Opens: 1923, 1950, 1962, 1973, 1982, 1989, 1997, 2004
Location: Troon, Ayrshire, Scotland
For the first sixty years of The Open’s history, the Championship’s visits to south west Scotland were confined to Prestwick, Troon’s next-door neighbour. In 1923, all that changed: The Open came to Troon for the first time, and since then it has become a regular venue having hosted the Championship on eight occasions.
The course, which took its current form in 1888, is designed in the traditional out-and-back manner of the Old Course at St Andrews. A gentle opening few holes and relatively straightforward closing stretch are the bookends for a series of holes which weave up, round and through some of the most striking linksland to be found at any of the host venues. This character makes the strength and direction of the wind even more important than is usual on a links course: if the wind is against the players on the back nine, it’s as tough a finish as can be found anywhere.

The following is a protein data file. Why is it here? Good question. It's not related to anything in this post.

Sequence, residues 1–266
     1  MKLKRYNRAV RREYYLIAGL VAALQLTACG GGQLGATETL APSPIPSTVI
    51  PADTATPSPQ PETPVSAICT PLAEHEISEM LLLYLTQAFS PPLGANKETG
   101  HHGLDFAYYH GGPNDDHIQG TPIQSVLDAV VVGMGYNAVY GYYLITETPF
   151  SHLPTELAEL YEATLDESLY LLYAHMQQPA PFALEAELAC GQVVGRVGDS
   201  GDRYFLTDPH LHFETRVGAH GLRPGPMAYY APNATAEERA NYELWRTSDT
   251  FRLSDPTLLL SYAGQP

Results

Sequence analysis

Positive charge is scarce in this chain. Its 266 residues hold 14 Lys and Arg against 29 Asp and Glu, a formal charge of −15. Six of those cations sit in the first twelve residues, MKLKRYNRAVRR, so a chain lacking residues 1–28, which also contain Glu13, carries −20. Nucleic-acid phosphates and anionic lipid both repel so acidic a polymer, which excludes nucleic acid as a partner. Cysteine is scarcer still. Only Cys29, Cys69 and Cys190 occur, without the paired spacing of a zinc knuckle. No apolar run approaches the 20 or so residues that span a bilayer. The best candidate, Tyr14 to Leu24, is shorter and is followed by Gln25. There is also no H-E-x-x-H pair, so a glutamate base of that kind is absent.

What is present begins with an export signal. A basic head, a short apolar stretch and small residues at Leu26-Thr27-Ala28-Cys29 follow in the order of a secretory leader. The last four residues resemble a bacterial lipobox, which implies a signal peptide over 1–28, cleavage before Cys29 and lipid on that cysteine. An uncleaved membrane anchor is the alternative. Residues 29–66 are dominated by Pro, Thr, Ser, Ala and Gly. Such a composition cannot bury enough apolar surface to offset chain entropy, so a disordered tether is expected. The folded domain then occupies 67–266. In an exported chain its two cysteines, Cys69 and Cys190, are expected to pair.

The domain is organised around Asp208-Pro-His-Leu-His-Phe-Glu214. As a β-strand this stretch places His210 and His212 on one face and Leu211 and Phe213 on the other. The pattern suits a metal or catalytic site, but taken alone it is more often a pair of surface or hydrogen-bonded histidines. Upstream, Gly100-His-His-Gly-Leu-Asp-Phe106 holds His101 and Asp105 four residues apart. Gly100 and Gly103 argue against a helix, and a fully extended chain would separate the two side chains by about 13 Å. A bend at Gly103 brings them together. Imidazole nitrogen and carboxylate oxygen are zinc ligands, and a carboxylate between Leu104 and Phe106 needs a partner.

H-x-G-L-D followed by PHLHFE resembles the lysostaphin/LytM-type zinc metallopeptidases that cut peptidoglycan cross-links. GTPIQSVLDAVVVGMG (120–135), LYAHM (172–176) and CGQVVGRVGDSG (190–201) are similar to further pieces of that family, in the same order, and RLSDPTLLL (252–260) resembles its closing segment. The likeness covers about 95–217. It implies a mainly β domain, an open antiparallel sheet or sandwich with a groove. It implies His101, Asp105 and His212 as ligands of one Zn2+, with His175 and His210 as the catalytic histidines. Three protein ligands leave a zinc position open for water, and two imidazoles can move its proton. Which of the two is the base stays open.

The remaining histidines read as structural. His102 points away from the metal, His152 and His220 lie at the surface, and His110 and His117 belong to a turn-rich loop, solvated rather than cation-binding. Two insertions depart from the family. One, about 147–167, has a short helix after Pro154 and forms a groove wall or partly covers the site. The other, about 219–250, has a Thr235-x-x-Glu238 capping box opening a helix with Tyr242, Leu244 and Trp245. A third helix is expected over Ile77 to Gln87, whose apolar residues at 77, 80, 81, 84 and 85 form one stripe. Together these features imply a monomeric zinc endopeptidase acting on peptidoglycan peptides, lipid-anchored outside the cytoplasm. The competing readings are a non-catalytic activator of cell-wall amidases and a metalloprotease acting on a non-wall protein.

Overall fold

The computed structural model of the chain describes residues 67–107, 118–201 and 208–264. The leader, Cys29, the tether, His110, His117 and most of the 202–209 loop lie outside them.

|Troon at a glance|
|Course length (2004 Open)|
7,175 yards, par 71
Gene Sarazen holing-in-one at the famous 8th hole, the ‘Postage Stamp’, in 1973 at the age of 71. It made up for Sarazen’s disappointment at the same venue some 50 years earlier, when he came over from the USA but failed to qualify after enduring high winds in qualifying.
Given the nature of the course, Troon has tended to favour champions who stay patient and concentrate on playing their own game rather than trying to overpower the course. Palmer in 1962 and Weiskopf in 1973 both won at the venue by tempering their natural aggressiveness; Greg Norman lost a play-off to Mark Calcavecchia in 1989 after his power ran him into trouble on the 18th; and Todd Hamilton in 2004 was a model of the calm, measured golfer.